In my work notes, dated 3/22, I made this list: 
1. The G bill: decent base except for H. transfer. 
 A Havasupai economic development transfer 
 A Monument exclusion
 B Lees Ferry
 B Kanab and Whitmore-Parashant area
 C condemnation
 B river not in Wilderness; Hualapai concurrence
 C weak aircraft regulation
 C reclamation provision
good points: downstream, "entirety", "protect & interpret", Zone of Influence, cooperative interpretation
2. Process: Intro with sponsors;   got Udall
Senate hearings: Bible, Fannin
  a) will need big noise: no deletions
  b) need alternative (Case) bill
Mark up of bill: Jackson; Bible- Church, Johnston; Hansen, Hatfield, McClure
House Committee: Udall will do it for them
(and a Havasupai) Scenario:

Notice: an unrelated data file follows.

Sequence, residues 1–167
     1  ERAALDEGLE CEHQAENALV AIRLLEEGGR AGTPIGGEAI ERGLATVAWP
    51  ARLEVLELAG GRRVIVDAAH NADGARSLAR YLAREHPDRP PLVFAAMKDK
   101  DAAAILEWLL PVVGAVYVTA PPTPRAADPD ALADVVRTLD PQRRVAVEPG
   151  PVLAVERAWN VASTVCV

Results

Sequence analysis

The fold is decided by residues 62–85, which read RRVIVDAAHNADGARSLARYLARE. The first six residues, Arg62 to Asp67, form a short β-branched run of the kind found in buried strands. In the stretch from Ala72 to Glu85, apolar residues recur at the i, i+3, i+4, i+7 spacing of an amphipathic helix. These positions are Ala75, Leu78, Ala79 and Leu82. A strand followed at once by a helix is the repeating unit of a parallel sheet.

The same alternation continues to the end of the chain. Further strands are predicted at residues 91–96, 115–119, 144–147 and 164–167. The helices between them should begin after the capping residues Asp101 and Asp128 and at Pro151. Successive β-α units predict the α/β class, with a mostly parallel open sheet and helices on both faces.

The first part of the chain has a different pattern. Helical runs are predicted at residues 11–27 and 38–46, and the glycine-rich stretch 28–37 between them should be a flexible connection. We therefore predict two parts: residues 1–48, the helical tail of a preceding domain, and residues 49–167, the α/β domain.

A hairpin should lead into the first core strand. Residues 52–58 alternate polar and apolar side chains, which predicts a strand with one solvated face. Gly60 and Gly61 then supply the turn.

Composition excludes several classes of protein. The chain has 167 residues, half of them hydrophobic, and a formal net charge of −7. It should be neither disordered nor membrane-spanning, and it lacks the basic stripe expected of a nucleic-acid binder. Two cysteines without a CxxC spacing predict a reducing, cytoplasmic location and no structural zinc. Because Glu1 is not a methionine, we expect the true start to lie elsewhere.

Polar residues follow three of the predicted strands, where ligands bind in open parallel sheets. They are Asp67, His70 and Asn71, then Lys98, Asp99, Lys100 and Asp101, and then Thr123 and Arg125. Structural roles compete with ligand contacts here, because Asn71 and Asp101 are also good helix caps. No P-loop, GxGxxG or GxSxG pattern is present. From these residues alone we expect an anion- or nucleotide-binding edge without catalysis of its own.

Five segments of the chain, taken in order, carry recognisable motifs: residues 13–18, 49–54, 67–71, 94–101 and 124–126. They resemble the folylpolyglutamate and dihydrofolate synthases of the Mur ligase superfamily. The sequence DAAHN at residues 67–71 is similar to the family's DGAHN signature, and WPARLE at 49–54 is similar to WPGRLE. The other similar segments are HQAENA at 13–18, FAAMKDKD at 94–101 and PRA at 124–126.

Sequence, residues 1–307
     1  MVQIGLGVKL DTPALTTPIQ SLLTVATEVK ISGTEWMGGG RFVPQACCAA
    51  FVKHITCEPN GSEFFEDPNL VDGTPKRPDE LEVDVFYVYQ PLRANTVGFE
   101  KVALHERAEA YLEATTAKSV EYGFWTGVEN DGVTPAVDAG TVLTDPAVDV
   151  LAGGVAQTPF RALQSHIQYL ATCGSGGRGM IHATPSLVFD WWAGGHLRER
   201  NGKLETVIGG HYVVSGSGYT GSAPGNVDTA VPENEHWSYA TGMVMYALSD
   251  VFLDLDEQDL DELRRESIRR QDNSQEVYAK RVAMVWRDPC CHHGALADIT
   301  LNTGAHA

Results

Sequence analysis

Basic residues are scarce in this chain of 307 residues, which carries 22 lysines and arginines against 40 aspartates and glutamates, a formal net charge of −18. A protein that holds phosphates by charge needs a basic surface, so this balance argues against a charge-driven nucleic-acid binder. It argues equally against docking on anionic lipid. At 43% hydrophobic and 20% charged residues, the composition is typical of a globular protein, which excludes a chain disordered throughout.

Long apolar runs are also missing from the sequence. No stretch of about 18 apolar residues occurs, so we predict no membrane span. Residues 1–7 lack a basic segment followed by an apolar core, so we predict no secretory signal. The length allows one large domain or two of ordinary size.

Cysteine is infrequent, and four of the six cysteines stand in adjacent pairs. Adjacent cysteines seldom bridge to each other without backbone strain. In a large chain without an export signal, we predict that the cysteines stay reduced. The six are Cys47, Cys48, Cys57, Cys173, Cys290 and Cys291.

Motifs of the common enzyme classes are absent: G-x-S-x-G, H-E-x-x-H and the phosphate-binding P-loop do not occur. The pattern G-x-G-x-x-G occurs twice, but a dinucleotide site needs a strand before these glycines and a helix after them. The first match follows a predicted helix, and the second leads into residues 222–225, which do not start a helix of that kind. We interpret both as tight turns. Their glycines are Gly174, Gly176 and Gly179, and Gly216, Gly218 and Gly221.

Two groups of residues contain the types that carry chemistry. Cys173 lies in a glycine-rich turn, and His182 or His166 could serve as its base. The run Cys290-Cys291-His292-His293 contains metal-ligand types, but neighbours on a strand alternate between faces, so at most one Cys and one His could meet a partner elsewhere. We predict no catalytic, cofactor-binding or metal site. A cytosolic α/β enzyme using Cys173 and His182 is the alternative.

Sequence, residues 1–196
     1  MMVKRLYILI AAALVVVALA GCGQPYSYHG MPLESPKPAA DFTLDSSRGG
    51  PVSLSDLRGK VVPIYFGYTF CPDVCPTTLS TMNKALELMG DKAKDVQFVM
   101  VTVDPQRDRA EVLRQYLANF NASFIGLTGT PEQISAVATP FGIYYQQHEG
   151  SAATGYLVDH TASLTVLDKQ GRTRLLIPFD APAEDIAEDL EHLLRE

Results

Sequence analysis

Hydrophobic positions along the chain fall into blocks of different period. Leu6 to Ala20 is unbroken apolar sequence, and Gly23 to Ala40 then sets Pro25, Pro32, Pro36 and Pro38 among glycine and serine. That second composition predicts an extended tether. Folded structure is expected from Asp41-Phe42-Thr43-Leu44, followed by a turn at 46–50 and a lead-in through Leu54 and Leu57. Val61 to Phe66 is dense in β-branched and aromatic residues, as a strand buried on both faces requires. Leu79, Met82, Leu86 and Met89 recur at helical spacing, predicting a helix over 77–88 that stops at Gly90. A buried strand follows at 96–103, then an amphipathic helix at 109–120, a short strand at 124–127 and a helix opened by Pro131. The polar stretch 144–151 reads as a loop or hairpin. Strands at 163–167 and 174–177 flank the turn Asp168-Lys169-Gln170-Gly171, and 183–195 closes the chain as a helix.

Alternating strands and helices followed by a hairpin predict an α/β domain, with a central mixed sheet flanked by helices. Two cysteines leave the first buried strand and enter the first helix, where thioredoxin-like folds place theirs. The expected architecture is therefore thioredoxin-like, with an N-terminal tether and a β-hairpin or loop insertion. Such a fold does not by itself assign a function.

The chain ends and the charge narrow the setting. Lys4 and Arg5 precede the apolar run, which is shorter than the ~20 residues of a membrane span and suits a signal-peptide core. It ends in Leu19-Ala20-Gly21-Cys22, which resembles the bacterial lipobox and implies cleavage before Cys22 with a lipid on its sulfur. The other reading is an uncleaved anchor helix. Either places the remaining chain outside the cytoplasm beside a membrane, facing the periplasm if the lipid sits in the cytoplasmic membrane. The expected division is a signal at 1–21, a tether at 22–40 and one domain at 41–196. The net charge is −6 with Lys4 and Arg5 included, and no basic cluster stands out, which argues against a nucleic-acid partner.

1 conservationists, NP, NF, et al. identified as villains -- campaign
2 ask for 166,000 + other 3
3 "Forced" to accept ~60,000 of access + Havasu canyon 
(We will need:) 
Vociferous support of Case bill & (generalized) support of NPS integrity
Detailed prospectus for lands proposed for deletions with photos
Alternative proposals for Havasupai:
 1. Use rights confirmed; grazing capacity est.
 2. Increase of head tax
 3. Purchase of private ranch land

Friday, September 7, 2012

PL93-620 D. Feb-Mar 1973: In Goldwater's Court (add'ns 9/17/12)